Do you think the loss of life due to AIDS during the ‘80s and ‘90s plays a role in that lack of critical analysis? Like, a lot of the people who would’ve passed on that analysis and that history to younger queer and trans people who came later were unable to because they had died?
There’s no question that the loss of so many brilliant people—especially outsiders and freaks and queens, trans people and hookers, people pushed to the margins—has definitely contributed to people’s lack of awareness, but that didn’t have to happen. Mainstream gay people with power and privilege are complicit in that, people who are still alive today. Instead of talking about that, the agenda has been marriage and military inclusion and sometimes hate crime legislation.
Did you do anything for Pride this year?
I wouldn’t say “for Pride,” directly. I’m in Baltimore. I’m living here for about six months working on a new book. I was a little curious about Pride because I don’t know Baltimore that well. I walked through it a little bit, but I didn’t have a specific agenda. A few months ago, [lawyer and Sylvia Rivera Law Project founder] Dean Spade and I organized a queer anti-militarism town hall with a bunch of people in Seattle. We launched this website called Queer Trans War Ban, which provides resources for people to challenge military inclusion. Everything from stickers and t-shirts to other materials to help people develop an analysis so they don’t think that they need to join the military. That’s kind of the idea: to build out the kind of anti-military queer analysis and politic for direct action and shifting the analysis in a more critical direction.
Do you remember the first Pride you went to?
The first time I went to Pride was in 1992—actually, ‘93. I was doing something with ACT-UP to protest Frank Jordan, the Mayor of San Francisco at the time, who’d said he was going to march in the Pride parade. He had a brutal program of criminalizing pretty much everyone who’s vulnerable—very classically anti-poor and homophobic, really, although he was pandering to gay people. Anyway, we said we were going to block him if he tried to march. So, we got to the Pride parade right at the beginning, which is the only time I’ve ever done that. [laughs] We’d brought tomatoes to throw at him if he walked by, but he never did. I guess we scared him away. We didn’t know that, though, so we ended up staying for the entire parade. I can’t remember exactly what was in the parade, but I guarantee that it didn’t include anything challenging or transformative or liberatory. That’s something that’s been consistent in every Pride I’ve gone to since. This corporatization of Pride has been going on for decades. I think people have a little bit of nostalgia looking back on something wonderful that might’ve existed in the ‘90s, and I can say for sure that it did not. [laughs] I can say that it’s only gotten worse. Gay Pride, at least in the big coastal cities, is just about giving corporations endless operations to target and market to gay consumers. It’s just about buying a bunch of crap, including a consumer identity. Last year in Seattle, people blocked the Pride parade to protest the murder of Charleena Lyle, who was a black woman gunned down by Seattle police. They blocked the parade for a whole hour. That, to me, is the potential of what Pride could be. What if the whole Pride parade was about this? What if the whole Pride parade said, enough with police brutality! Let’s shut down the police department!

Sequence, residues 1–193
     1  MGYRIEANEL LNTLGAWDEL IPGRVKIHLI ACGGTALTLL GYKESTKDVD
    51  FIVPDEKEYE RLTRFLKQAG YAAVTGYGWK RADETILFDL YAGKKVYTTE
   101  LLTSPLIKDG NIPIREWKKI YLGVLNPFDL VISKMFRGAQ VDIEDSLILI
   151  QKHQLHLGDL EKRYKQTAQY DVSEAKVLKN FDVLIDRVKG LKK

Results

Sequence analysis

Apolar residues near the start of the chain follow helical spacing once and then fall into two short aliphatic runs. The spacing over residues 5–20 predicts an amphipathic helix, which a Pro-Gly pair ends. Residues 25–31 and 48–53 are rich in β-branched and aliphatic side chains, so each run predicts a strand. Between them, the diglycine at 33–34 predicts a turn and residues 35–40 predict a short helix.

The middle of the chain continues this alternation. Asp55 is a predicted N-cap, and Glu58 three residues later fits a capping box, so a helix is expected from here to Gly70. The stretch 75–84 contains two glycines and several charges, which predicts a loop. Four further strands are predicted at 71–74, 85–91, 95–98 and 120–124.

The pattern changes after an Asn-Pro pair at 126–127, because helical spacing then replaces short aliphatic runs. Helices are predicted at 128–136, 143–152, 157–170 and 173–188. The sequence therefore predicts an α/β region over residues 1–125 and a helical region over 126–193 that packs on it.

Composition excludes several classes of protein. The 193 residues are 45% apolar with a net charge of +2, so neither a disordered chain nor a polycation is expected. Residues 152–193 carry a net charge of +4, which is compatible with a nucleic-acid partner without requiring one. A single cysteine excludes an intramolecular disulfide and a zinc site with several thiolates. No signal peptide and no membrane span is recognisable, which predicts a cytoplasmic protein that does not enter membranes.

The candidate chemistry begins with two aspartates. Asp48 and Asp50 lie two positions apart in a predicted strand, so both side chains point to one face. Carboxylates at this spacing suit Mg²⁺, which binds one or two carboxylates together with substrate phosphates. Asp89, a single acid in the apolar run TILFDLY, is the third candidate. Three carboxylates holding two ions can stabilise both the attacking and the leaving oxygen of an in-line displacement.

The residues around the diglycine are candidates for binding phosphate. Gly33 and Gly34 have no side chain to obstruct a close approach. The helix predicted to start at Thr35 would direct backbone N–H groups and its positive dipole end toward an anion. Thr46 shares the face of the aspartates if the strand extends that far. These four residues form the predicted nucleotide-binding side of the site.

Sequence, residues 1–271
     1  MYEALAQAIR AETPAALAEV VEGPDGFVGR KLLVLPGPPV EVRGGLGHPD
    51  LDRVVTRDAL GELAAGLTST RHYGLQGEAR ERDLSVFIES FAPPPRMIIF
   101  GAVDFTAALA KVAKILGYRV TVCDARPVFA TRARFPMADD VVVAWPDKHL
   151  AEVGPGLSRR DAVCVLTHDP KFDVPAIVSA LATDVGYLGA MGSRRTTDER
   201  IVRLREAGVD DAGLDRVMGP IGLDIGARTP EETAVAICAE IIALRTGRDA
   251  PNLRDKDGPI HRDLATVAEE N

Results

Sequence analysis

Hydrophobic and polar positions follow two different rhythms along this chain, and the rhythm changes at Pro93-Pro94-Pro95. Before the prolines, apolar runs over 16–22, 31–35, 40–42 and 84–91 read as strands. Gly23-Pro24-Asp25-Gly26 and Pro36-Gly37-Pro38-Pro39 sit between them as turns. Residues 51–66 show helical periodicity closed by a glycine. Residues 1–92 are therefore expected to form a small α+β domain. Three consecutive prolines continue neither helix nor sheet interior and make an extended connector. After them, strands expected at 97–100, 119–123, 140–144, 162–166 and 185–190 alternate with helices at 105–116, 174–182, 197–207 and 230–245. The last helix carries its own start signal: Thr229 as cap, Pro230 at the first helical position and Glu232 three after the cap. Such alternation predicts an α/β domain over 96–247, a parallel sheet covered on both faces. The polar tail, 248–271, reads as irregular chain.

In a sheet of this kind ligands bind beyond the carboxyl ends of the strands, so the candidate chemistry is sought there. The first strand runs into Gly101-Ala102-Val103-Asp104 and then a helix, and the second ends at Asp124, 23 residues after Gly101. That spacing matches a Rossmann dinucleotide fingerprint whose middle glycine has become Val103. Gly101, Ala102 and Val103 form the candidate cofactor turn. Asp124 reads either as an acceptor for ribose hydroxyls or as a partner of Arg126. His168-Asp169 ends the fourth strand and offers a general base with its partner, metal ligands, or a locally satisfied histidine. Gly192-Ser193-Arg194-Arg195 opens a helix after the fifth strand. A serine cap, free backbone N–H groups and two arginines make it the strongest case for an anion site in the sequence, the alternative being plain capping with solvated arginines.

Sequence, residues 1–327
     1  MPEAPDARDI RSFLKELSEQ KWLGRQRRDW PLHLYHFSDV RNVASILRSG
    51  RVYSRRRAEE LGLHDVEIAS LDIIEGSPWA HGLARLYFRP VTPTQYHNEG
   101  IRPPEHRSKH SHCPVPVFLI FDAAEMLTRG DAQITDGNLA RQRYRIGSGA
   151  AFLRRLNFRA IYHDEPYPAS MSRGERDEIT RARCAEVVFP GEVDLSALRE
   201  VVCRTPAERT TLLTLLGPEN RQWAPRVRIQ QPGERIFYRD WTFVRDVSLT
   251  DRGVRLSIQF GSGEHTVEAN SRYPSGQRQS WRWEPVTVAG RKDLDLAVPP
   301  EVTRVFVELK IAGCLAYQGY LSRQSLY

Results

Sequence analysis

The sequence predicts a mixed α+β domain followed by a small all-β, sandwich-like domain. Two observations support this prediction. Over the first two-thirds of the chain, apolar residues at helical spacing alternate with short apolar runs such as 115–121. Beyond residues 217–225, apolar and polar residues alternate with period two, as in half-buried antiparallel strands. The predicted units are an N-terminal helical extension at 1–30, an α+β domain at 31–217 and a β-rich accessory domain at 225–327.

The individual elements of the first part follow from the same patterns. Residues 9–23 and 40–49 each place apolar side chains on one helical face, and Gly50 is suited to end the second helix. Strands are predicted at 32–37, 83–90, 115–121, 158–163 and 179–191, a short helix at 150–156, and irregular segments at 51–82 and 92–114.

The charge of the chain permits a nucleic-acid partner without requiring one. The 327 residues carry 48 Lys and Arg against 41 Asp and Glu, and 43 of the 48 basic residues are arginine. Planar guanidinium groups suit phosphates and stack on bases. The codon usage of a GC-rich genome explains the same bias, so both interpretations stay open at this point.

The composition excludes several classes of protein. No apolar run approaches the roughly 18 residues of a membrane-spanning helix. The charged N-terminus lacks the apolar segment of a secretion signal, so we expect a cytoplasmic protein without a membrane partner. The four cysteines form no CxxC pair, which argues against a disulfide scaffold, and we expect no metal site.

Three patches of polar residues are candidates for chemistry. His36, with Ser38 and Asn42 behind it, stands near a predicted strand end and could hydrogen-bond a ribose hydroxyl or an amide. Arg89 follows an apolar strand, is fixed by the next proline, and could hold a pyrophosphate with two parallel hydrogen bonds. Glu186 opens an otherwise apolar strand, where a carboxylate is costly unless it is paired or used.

Like the calls made to join the Occupy ICE protest shutting down immigration hearings in New York.
Exactly! People were calling on people going to Pride to join the Occupy ICE contingent. Did that happen? [laughs] You know, I don’t know, but I’m going to guess that it didn’t happen. The New York Pride parade was allegedly two million people. Two million people! That’s larger than most cities in this country. Now, imagine what two million people could do. They could shut down all the bridges and tunnels in New York. Easily! You can’t stop two million people. [laughs] That would be like a literal shutdown of ICE. It’s just so depressing. I saw this article in USA Today that tried to talk about the corporatization of Pride, but it kind of just focused on whether straight people belong at Pride or not. That’s an example of where a critical analysis has been whitewashed. To me, the question isn’t who should be at Pride. The question is, what are we doing? If we’re not doing anything interesting, if it’s all just about consuming $8 Budweisers and clapping for the beefcakes dancing on an Altoid float or cheering on gay people who work at Lockheed Martin…who cares! But if everyone went to shut down ICE, it would be great if there were straight people there. [laughs] It’s the same thing with this question about straight people in gay bars. Sure, it’s annoying on some level to deal with ogling homophobic morons who only go to gay bars because they find it titillating, but if we made gay bars into something more challenging, they wouldn’t be there! So, if everyone was just fucking in the gay bar and straight people were in there, they’d be fucking, too. And then they wouldn’t be straight! [laughs]
You can learn more about Mattilda Bernstein Sycamore and her work on her website, mattildabernsteinsycamore.com, and head on over to queertranswarban.wordpress.com for resources on queer anti-militarism.